Appellees were charged with several violations of the Controlled Substance, Drug, Device and Cosmetic Act.[2] Appellees subsequently filed a motion to suppress, alleging that the drugs were seized unlawfully and that their arrests therefore lacked probable cause. After a hearing, at which Officer Fruecht was the only witness, the lower court granted appellees' motion. The lower court reasoned that because Officer Fruecht had forcibly detained appellees without adequate justification, the evidence which he seized must be suppressed. This appeal followed.

In Terry v. Ohio, 392 U.S. 1, 13, 88 S. Ct. 1868, 1875-76, 20 L. Ed. 2d 889 (1968) (footnotes omitted), the United States Supreme Court stated:

Street encounters between citizens and police officers are incredibly rich in diversity. They range from wholly friendly exchanges of pleasantries or mutually useful information to hostile confrontations of armed men involving arrests, or injuries, or loss of life. Moreover, hostile confrontations are not all of a piece. Some of them begin in a friendly enough manner, only to take a different turn upon the injection of some unexpected element into the conversation. Encounters are initiated by the police for a wide variety of purposes, some of which are wholly unrelated to a desire to prosecute for crime. Doubtless some police "field interrogation" conduct violates the Fourth Amendment. But a stern refusal by this court to condone such activity does not necessarily render it responsive to the exclusionary rule.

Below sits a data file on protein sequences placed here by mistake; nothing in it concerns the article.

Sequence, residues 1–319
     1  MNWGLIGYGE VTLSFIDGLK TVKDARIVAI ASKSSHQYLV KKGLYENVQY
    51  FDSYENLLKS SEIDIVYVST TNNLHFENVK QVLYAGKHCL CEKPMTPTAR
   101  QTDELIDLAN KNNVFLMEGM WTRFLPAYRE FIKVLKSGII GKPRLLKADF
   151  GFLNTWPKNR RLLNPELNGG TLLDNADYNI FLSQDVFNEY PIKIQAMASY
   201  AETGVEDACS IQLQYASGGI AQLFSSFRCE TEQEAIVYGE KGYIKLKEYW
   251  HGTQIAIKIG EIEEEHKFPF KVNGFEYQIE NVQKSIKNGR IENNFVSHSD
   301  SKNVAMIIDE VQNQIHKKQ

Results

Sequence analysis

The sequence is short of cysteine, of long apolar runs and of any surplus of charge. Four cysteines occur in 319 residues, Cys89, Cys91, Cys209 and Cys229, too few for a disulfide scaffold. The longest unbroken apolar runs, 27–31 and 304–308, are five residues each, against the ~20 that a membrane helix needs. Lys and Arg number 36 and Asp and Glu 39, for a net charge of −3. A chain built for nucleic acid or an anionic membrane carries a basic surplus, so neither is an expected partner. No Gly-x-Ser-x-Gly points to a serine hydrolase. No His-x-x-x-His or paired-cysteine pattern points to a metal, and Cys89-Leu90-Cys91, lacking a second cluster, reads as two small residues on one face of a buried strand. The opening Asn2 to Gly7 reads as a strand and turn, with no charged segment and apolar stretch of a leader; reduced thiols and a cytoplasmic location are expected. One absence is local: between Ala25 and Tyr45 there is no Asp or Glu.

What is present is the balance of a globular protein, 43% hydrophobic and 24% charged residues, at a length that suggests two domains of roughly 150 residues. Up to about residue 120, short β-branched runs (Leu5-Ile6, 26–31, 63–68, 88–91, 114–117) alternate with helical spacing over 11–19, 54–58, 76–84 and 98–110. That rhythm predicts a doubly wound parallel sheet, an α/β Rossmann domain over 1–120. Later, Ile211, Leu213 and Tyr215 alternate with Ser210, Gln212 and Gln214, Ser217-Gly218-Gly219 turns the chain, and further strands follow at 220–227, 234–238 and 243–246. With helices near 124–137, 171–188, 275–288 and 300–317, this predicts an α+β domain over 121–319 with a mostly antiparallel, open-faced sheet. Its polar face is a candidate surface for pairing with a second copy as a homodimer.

*23 In striking the balance between the constitutionally protected interests of the private citizen to be free of unreasonable searches and seizures and the governmental interests which sometimes justify official intrusion upon those interests, see Terry v. Ohio, supra at 20-27, 88 S. Ct. at 1879-83, courts have identified three levels of governmental intrusion which require an increasing degree of justification to withstand constitutional scrutiny. See generally United States v. Wylie, 569 F.2d 62 (D.C. Cir. 1977); People v. De Bour, 40 N.Y.2d 210, 352 N.E.2d 652, 386 N.Y.S.2d 375 (1976); State v. Warner, 284 Or. 147, 585 P.2d 681 (1978). The least offensive of these intrusions occurs when a police officer approaches a citizen and directs a question to him when there is some objectively credible reason not necessarily indicating criminality.[3] A more severe form of governmental intrusion occurs when a police officer detains an individual by means of physical force or a show of authority for the purposes of investigation upon a suspicion that he may be connected with criminal activity.[4] Of course, "in justifying [such an] intrusion, the police officer must be able to point to specific and articulable facts which, taken together with *24 rational inferences from those facts, reasonably warrant that intrusion." Terry v. Ohio, supra, 392 U.S. at 21, 88 S. Ct. at 1880.[5] The most severe form of governmental intrusion is the warrantless arrest, which requires that the police officer possess probable cause to believe that a crime has been committed and that the person to be arrested is the culprit.[6]